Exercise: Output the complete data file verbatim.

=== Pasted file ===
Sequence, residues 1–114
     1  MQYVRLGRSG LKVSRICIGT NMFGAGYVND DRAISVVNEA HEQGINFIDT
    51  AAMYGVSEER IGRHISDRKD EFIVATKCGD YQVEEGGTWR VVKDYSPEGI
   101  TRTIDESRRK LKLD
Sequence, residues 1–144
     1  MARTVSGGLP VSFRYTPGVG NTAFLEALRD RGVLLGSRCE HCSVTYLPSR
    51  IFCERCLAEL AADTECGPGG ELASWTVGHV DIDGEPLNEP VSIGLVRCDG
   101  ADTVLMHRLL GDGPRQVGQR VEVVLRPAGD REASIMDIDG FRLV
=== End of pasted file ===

Sequence, residues 1–114
     1  MQYVRLGRSG LKVSRICIGT NMFGAGYVND DRAISVVNEA HEQGINFIDT
    51  AAMYGVSEER IGRHISDRKD EFIVATKCGD YQVEEGGTWR VVKDYSPEGI
   101  TRTIDESRRK LKLD
Sequence, residues 1–144
     1  MARTVSGGLP VSFRYTPGVG NTAFLEALRD RGVLLGSRCE HCSVTYLPSR
    51  IFCERCLAEL AADTECGPGG ELASWTVGHV DIDGEPLNEP VSIGLVRCDG
   101  ADTVLMHRLL GDGPRQVGQR VEVVLRPAGD REASIMDIDG FRLV